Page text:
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  • Saturday, July 28, 2007


    Guess who's not going to Mozambique any time soon?

    William R. Steiger should unpack his bags:
    A surgeon general's report in 2006 that called on Americans to help tackle global health problems has been kept from the public by a Bush political appointee without any background or expertise in medicine or public health, chiefly because the report did not promote the administration's policy accomplishments, according to current and former public health officials.

    The report described the link between poverty and poor health, urged the U.S. government to help combat widespread diseases as a key aim of its foreign policy, and called on corporations to help improve health conditions in the countries where they operate. A copy of the report was obtained by The Washington Post.

    Three people directly involved in its preparation said its publication was blocked by William R. Steiger, a specialist in education and a scholar of Latin American history whose family has long ties to President Bush and Vice President Cheney. Since 2001, Steiger has run the Office of Global Health Affairs in the Department of Health and Human Services.

    Richard H. Carmona, who commissioned the "Call to Action on Global Health" while serving as surgeon general from 2002 to 2006, recently cited its suppression as an example of the Bush administration's frequent efforts during his tenure to give scientific documents a political twist. At a July 10 House committee hearing, Carmona did not cite Steiger by name or detail the report's contents and its implications for American public health.

    Carmona told lawmakers that, as he fought to release the document, he was "called in and again admonished . . . via a senior official who said, 'You don't get it.' " He said a senior official told him that "this will be a political document, or it will not be released."

    After a long struggle that pitted top scientific and medical experts inside and outside the government against Steiger and his political bosses, Carmona refused to make the requested changes, according to the officials. Carmona engaged in similar fights over other public health reports, including an unpublished report on prison health. A few days before the end of his term as the nation's senior medical officer, he was abruptly told he would not be reappointed.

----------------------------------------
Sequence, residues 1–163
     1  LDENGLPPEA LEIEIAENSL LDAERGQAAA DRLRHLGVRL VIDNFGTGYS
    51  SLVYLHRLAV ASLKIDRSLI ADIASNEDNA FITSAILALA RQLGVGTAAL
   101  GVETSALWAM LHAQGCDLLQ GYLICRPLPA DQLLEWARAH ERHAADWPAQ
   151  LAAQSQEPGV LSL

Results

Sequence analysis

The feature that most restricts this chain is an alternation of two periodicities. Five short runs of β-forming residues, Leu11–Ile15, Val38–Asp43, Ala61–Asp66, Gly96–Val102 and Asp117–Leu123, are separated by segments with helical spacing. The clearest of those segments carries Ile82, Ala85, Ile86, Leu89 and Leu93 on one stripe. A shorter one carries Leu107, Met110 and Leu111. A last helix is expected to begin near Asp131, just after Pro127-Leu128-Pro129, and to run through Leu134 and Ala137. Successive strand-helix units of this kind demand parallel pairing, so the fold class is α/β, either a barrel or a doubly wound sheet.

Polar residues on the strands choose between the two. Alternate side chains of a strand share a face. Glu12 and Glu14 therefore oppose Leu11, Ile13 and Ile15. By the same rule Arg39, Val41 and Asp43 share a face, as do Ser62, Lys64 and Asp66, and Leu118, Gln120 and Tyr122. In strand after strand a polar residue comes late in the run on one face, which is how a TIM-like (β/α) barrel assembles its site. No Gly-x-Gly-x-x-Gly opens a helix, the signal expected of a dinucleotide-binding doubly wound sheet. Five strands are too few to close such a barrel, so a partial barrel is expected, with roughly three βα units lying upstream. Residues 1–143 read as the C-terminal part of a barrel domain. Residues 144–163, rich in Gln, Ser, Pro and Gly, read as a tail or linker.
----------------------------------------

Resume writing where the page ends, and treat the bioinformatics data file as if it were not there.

That would be this Steiger:

    In a leaked confidential letter to the Director-General of the World Health Organisation (WHO), Lee Jong-Wook, the US government has rejected decades of nutritional research and denied that there is any evidence of a link between junk food and obesity. The letter, from William R Steiger, special assistant at the Department of Health and Human Services and godson to George Bush Sr, is the United States' official response to an April 2003 report by the WHO and the UN Food and Agriculture Organisation (FAO). That report, entitled "Diet, Nutrition, and the Prevention of Chronic Diseases," argues that governments should take steps to limit children's exposure to junk-food advertising, and says that added sugar should comprise no more than 10% of a healthy diet.

    The report was released last spring, prompting American food manufacturers' groups to begin frantic lobbying in Washington. The Sugar Association wrote to Gro Harlem Brundtland, then WHO director-general, threatening to "exercise every avenue available to expose the dubious nature" of the report. Congressmen recruited by the food industry urged the Secretary of Health, Tommy Thompson, to cut off the $406 million annual US contribution to the WHO.


    The leaked letter says the WHO/FAO report fails to meet the standards of the US Data Quality Act, lacks external peer review and mixes science and policymaking in the same exercise. "Whenever you hear the government or the industry talking about scientific rigour," says Professor Nestle, "it's code for self-interest. It reminds me of the obfuscating tactics of the tobacco industry."

    Mr Steiger's letter questions the scientific basis for "the linking of fruit and vegetable consumption to decreased risk of obesity and diabetes." He adds: "There is an unsubstantiated focus on 'good' and 'bad' foods and a conclusion that specific foods are linked to non-communicable diseases and obesity... The assertion that heavy marketing of energy-dense foods or fast-food outlets increases the risk of obesity is supported by almost no data." The letter also criticises "the identification of adverse economic status, especially in women, as a causative factor in obesity," despite research that has consistently shown poor Americans are fatter than rich ones.

    "Most of the WHO/FAO report is actually rather banal," says Professor Nestle. "The science is no different from dozens of previous reports by national governments. What annoys the industry is that it also contains concrete recommendations for actually doing something about the problem." Indeed, Mr Steiger's letter complains that "scientists should review and evaluate the available science without regard to policy decisions."

    The letter provoked a robust response from Professor Kaare Norum, senior scientist of the WHO's obesity campaign. In a letter to US Health Secretary Tommy Thompson, he accused the US government of making the health of millions of young Americans "a hostage to fortune" as a result of its links to business, particularly the sugar lobby.
    ...and for his good work mixing politics with people's health, Steiger gets this.

    He's not going anywhere without a recess appointment.


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